Many national banks are marketing new and complex financial products and services to strengthen their competitiveness, meet growing customer demand, and generate additional sources of noninterest income. Declining interest margins and the desire for a stable and diversified revenue stream have caused banks to look for ways to increase the level and source of noninterest income. Asset management products and services are filling this need and have become, or are becoming, a significant contributor to total revenue and the overall profitability of many national banks.

    National banks have made strategic acquisitions of, and alliances with, domestic and international financial services companies, such as brokerage, insurance, investment banking, and investment advisory firms. These transactions are driven by a need to expand or fill product lines; extend distribution channels and market penetration; improve cost efficiency; and acquire additional expertise, talent, and technology. At the same time, other banks have made strategic decisions to focus on traditional fiduciary lines of business.

    As of January 6, 2012, this guidance applies to federal savings associations in addition to national banks.*

  • Comptroller’s Handbook 3 Asset Management

    Products and Services

    Asset management activities include traditional fiduciary services, retail brokerage, investment company services, and custody and security-holder services. The distribution channels for asset management products and services vary according to the size, complexity, financial capacity, and geographic characteristics of each institution. They may be provided in a centralized division of the bank, through several divisions in different geographical locations, in bank operating subsidiaries and other affiliates, and through arrangements with unaffiliated third parties.

    For example, a large banking company may establish an asset management group consisting of several interlocking divisions, branches, subsidiaries, and affiliates that provide a broad range of asset management products and services on a global scale. A small community bank may simply operate a separate “trust” division that provides traditional fiduciary services and may also provide access to retail brokerage services through an unaffiliated third- party vendor located within the bank’s branch network.

    Product demand and technological advancements are rapidly changing the structures of financial markets and the means of product distribution. The globalization and deregulation of financial markets have compelled many larger banks to offer products and services in a number of markets around the world. The Internet is but one example of a technology that is altering the product distribution landscape for all banks and creating challenging risks for the industry.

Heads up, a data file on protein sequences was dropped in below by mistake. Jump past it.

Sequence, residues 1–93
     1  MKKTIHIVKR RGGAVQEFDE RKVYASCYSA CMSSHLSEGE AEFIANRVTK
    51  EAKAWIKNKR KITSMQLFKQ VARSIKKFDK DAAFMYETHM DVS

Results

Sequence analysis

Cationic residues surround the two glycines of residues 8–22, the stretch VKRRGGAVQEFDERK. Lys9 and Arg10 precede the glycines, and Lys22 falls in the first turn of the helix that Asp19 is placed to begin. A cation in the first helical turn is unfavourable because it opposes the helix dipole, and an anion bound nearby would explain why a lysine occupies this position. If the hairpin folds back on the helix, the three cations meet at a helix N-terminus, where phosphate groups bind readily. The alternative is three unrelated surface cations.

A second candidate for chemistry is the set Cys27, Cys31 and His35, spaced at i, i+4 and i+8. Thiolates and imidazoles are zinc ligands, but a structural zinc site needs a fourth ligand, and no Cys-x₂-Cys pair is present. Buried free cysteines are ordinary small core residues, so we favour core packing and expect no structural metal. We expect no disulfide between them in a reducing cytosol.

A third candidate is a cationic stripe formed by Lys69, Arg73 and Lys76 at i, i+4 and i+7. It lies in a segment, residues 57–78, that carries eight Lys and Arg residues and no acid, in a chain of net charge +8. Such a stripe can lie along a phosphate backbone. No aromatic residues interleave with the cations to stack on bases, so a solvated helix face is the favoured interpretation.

In response to the demand from and competition for the wealthy individual client, many national banks offer what has been traditionally referred to as “private banking services.” In many respects, private banking is the same business today that it was in the past – the high-quality and confidential provision of finance-related services to wealthy individuals and their businesses. Today, private banking is one of the fastest growing segments of the financial services industry. The growth in demand for these services has been driven by the tremendous generation of wealth and significant technological advancements achieved over the past decade. Private banking services will be addressed in the “Personal Financial Services” booklet of the Comptroller’s Handbook, which has yet to be published as of this booklet’s publication date.

    As of January 6, 2012, this guidance applies to federal savings associations in addition to national banks.*

  • Asset Management 4 Comptroller’s Handbook

    Fiduciary Services

    Fiduciary services offered by national banks have evolved into a comprehensive and integrated selection of financial products and services that permit banks to compete with other financial service providers, such as brokerage firms, investment companies, investment advisers, and insurance companies. Traditional fiduciary services include personal trust and estate administration, retirement plan services, investment management services, and corporate trust administration.

    National banks also provide other fee- or transaction-based fiduciary-related services, such as financial planning; cash management; tax advisory and preparation; and advice on, and execution of, financial risk management products, such as derivatives. Fiduciary services are provided through internal bank divisions, subsidiaries (including separately chartered trust banks), other affiliates, and third-party service arrangements.

    The increasing importance of fee income is a key factor in the evolution of fiduciary services. Rapid technological advances, state legislatures adopting reasonable compensation statutes, and a management focus on generating additional